What's the Best temperature for starting seeds?

After being nestled away in worm casting seedling mix, we all wait (not patiently) for that amazing moment of having our plant baby sprout through its worm casting seedling mix and join us for the first time. It truly is a special feeling - so how do we ensure it happens as frequently as possible?

Why does temperature affect the germination of seeds

When it comes to starting seeds, there are a number of factors at play that will impact how many of our seeds germinate:

  • Age: Seeds will germinate best in their first few years and then their germination rate will begin to diminish after 3-4 years
  • Storage: Ensuring seeds are stored in a cool, dark, and dry location will help preserve their ability to germinate
  • Moisture: For seeds to germinate they need to interact with moisture and remain consistently moist. To ensure they stay moist, choose a seedling mix with worm castings as it will retain significantly more moisture than sterile seed starting mixes. 
  • Lighting: Some seeds prefer a dark environment for germinating - ensure that these are started outside of your seed starting area. 
  • Temperature: Lastly, many seeds require a consistent minimum temperature to germinate.

When we think about Spring, it is as the temperatures warm up that we notice more and more new growth emerging from the surface. And conversely, as the temperatures dip in the Fall we notice our plants beginning to struggle before ultimately succumbing to the cool weather of the Fall. 

picture of early spring growthWith the warmer spring days we'll start to see our first signs of growth. 

As such, we want to pay close attention to the temperatures when we're starting our seeds to give them the highest likelihood of germinating.

So, what temperature is best?

Seed germination temperature experiment

As you know by now, I'm a huge fan of experiments! 
To determine the impact of temperature on seed starting, I decided to run a little experiment, which consisted of:
  1. Selected 3 sets of 5 different seeds: Zucchinis, Cucumbers, Tomato, Basil, and Kale.
  2. Started each set of seeds in our worm casting seedling mix and in 3" seed cells. Followed the steps in our Seed Starting guide for layering and moistening the seedling mix.
  3. Utilized the same grow light and amount of light per day (12hrs) for each set of seeds.
As such, every variable was the exact same except for one: temperature

Picture of a thermometer for starting seeds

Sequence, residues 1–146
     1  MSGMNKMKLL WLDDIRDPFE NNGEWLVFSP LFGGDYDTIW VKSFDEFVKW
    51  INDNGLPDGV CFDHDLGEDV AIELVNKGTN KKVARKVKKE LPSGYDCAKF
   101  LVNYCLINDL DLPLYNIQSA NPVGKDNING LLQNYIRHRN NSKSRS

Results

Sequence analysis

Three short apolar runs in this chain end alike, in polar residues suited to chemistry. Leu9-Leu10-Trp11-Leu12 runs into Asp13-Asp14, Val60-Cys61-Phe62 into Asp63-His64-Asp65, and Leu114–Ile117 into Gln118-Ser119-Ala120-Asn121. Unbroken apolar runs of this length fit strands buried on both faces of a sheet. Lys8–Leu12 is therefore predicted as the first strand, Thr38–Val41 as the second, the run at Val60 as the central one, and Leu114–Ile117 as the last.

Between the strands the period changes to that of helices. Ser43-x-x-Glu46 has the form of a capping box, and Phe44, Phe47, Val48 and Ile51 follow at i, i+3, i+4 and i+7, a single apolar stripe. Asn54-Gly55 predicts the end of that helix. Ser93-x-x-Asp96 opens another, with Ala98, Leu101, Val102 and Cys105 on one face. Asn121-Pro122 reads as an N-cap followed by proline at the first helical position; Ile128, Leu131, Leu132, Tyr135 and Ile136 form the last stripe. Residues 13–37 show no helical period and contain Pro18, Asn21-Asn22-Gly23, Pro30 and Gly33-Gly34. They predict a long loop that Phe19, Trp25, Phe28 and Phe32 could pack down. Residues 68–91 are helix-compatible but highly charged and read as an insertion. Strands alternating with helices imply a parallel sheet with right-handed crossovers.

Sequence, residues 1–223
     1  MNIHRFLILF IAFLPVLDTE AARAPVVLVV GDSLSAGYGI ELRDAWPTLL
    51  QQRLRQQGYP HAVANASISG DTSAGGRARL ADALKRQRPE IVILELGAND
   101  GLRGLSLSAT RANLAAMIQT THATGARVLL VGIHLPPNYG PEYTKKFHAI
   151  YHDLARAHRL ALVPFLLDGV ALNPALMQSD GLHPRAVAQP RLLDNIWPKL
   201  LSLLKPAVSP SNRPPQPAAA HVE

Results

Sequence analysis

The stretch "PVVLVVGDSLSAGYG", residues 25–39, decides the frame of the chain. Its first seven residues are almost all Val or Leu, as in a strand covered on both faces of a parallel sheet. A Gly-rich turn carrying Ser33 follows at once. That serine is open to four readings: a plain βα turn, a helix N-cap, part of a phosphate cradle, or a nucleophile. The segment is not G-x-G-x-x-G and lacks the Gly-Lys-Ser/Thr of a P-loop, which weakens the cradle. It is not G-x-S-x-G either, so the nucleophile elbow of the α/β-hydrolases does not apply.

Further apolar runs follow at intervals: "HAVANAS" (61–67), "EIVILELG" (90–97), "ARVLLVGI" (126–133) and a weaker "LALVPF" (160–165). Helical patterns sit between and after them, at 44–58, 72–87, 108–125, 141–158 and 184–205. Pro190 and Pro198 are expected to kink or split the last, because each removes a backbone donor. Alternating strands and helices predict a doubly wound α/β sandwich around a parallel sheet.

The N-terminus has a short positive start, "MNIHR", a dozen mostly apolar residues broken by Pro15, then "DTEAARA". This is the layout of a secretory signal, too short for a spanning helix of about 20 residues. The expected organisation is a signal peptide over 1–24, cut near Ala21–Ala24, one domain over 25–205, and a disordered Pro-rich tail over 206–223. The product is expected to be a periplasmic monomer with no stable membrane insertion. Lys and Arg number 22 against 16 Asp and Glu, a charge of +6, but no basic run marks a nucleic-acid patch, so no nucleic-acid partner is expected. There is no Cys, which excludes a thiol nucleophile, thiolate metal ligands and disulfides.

The last thing that I did was find three significantly different temperature zones in my house:
  • 50 Fahrenheit: I used my unheated garage as the coldest environment which was consistently below 50 Fahrenheit
  • 60 Fahrenheit: My downstairs living area was selected as the second space and consistently sits at 60 degrees.
  • 70 Fahrenheit: Lastly, I used a temperature controlled space heater in my seed starting station to keep the environment consistently at 70 Fahrenheit. 

image of seeds starting in 60f environment

A set of seeds sitting in a room at 60F

Lastly, I let these seeds simply sit under their grow light for 30 days to see what impact temperature would have on both germination and how well they grew. 

What temperature do seeds germinate at

The results of this experiment were truly shocking:
comparison picture
From left to right, the seeds that were started at 50F, 60F, and 70F.
As we can see, the plants absolutely thrived in the 70 Fahrenheit environment while struggling a bit in the two colder environments. Specifically:
  • Kale: Successfully germinated in all 3 environments but really struggled to grow in the 50F and 60F environments while putting on numerous sets of leaves in the 70F environment. 
  • Tomato and Basil: Neither of these germinated in the 50F environment. While they did both germinate in the 60F and 70F environment, neither were growing overly vigorously - similar to how the Kale germinated in the cool environment but was not growing well. 
  • Zucchini and Cucumber: Lastly, two of our warmest weather crops, Zucchinis and Cucumbers only germinated in the 70F environment and grew extremely well in this environment. 

The key takeaway from this experiment is that temperature plays a VERY significant role in how many seeds will germinate and how well they will grow.

Heating mats for plants

So the question then becomes, how do we ensure the seeds have a warm environment?

This is one of the biggest reasons why I love starting seeds indoors. If we were waiting for those requisite warm temperatures outside, we wouldn't have any of our seeds germinating until some of the warmer days of the year - and that's when we want them already at maturity to be making the most of the long summer days.

To ensure our indoor environment is sufficiently warm, there are three ways that we can go about accomplishing this:

  • Thermostat: The first option is simply to adjust your home or apartment thermostat to at least 70F while starting seeds. This ensures the ambient temperature is sufficiently warm.
  • Space Heater: If you'd prefer to only heat a small area (like myself), you can create a dedicated seed starting station and enclose it with a sheet. Once that's complete, put a small space heater into the bottom of this area to heat it up to at least 70F. 
  • Heating Mat: Lastly, heating mats are a great space friendly option for applying heat directly to the seed cells. Simply slide it underneath and it will warm up the seedling mix. Keep an eye on the mix as it will also dry out more quickly than ambient temperatures! 

Keep those temperatures nice and warm and before you know it you'll have a full family of plant babies pushing through the surface!

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